Quantitative Data Analysis — Normal and Skewed Distributions

(1) Normal Distribution:

Classic bell shaped curve, it is the predicted distribution when using equally likely sets of results. For example, if a light bulb has a lifetime of 100 hours we would expect some bulbs to last a little longer than 100 hours and some to last a little less.

Characteristics of a Normal Distribution: — The three measures of central tendency, mean, median and mode are all in the exact mid-point (the middle part of the graph/the peak of the curve). — The distribution is symmetrical.

(2) Skewed Distribution

This occurs when the scores are not equally distributed around the mean.

Positive Skew — The best way to imagine the shape of a positive skew is to think of the scores on a very difficult exam, were few people got a high mark being plotted on a graph. Most of the scores would lie to the left side of the x axis with fewer scores being plotted at the higher end of the x axis (the right).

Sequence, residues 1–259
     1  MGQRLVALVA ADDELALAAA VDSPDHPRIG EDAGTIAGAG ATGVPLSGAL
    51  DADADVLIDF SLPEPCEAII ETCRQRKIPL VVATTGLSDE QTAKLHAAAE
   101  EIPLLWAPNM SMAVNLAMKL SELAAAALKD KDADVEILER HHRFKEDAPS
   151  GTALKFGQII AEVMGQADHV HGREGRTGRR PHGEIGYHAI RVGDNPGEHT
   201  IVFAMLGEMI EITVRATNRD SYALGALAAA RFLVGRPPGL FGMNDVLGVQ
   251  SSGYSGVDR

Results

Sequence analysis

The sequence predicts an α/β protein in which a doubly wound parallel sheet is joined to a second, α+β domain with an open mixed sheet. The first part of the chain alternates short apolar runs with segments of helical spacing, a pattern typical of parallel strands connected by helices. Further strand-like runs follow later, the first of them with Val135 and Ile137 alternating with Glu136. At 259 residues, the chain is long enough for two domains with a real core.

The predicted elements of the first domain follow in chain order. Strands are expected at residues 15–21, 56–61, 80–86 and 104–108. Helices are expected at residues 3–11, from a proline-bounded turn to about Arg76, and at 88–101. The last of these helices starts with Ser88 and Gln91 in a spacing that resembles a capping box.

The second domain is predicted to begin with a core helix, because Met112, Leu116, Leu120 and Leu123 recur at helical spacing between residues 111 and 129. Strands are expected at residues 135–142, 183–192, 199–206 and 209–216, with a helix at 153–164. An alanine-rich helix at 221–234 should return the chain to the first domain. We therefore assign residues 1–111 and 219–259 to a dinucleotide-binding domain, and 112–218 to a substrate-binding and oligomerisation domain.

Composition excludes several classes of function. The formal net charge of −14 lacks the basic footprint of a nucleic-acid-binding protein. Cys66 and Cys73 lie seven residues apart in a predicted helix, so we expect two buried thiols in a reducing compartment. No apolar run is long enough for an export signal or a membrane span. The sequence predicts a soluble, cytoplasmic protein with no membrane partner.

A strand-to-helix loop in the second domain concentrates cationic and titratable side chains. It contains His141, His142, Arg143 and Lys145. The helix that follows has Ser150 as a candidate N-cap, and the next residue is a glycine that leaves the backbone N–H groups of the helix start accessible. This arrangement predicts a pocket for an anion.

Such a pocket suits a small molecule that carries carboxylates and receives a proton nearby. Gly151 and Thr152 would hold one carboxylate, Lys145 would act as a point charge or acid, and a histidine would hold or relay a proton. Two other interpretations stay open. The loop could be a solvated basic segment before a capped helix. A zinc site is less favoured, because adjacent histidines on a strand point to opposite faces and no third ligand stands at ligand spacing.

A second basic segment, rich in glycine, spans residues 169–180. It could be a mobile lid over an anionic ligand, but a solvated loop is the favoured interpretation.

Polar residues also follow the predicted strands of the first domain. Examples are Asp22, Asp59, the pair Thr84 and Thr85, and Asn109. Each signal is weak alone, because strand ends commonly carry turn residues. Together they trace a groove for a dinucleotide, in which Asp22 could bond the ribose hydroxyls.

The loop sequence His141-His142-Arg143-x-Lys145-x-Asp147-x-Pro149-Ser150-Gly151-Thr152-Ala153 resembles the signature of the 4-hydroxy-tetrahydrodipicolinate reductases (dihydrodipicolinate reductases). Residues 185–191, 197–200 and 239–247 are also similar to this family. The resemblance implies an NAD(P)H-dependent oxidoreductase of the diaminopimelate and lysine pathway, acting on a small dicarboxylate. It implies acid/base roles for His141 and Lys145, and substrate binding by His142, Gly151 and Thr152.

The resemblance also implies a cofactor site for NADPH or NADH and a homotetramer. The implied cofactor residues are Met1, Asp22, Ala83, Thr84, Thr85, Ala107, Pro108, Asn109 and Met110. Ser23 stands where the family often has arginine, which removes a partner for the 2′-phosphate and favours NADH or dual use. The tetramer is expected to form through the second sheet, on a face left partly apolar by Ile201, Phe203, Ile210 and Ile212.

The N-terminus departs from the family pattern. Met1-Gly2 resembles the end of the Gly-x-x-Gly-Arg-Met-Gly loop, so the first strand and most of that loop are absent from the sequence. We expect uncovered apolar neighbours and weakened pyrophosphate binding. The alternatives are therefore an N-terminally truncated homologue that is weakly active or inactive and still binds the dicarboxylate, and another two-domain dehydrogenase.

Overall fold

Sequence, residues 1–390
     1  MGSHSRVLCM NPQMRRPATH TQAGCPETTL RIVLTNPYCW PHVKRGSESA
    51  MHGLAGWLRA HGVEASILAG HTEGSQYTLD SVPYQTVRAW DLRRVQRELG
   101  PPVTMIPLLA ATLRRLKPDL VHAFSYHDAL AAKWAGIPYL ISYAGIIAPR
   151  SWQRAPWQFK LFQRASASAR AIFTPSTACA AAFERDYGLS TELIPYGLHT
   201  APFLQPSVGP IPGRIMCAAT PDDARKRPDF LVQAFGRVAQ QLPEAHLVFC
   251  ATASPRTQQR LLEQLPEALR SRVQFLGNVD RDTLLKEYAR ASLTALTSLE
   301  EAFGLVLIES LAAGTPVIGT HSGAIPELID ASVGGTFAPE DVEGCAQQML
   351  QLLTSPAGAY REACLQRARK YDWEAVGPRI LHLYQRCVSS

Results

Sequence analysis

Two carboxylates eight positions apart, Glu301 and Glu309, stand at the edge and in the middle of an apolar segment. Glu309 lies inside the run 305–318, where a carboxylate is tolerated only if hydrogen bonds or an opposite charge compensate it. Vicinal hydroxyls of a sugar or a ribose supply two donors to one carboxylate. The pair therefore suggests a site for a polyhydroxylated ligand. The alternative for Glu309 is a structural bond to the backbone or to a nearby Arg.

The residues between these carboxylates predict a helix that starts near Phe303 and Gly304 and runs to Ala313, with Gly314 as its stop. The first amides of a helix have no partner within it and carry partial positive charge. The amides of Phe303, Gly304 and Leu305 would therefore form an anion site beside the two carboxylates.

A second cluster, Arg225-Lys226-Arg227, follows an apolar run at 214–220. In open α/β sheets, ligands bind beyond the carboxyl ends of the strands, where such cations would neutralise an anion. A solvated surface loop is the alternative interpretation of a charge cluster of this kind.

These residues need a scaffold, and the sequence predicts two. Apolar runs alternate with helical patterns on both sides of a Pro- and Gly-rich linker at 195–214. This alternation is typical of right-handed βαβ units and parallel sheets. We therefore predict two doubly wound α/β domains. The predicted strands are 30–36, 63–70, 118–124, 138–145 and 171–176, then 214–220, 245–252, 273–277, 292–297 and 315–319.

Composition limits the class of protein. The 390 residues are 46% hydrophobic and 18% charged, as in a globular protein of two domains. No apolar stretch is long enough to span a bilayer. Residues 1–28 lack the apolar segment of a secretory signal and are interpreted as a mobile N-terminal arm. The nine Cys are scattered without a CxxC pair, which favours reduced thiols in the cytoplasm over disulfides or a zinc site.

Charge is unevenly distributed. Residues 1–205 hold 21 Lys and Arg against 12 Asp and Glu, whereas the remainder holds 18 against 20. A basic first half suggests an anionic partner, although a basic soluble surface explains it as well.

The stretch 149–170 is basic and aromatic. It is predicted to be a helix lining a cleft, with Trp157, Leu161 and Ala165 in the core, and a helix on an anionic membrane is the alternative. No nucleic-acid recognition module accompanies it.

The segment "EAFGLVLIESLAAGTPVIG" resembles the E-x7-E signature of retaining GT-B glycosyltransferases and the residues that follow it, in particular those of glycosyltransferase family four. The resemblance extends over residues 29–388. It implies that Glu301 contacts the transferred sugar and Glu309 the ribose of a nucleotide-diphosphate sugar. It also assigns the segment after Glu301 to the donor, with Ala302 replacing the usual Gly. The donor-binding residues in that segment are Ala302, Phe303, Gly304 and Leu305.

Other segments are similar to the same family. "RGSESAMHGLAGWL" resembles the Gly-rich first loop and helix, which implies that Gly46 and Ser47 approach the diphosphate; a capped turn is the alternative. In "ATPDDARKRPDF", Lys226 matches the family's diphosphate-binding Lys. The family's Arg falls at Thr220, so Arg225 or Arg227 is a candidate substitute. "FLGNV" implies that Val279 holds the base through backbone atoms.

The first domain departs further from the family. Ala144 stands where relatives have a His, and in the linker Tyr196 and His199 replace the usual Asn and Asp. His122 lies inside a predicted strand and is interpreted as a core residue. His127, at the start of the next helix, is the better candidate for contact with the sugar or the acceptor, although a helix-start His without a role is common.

Revision Tip — When thinking of the shape of a positive skewed distribution, think of the shape of your right foot.

Characteristics of a Positive Skewed Distribution Graph: — Central tendency order is plotted mode, median followed by the mean.

Negative Skew — The best way to remember the shape of a negative skewed is to imagine the scores on a very easy exam, were few people got a low mark, were plotted on a graph. In this situation, people would obtain a higher score and therefore, most scores would sit to the right side of the x axis with fewer scores sitting to the left side of the x axis.

Revision Tip: When thinking of the shape a of negative skewed distribution, think of the shape of your left foot.

Characteristics of a Negative Skewed Distribution Graph: — Central tendency order is plotted mean, median followed by the mode.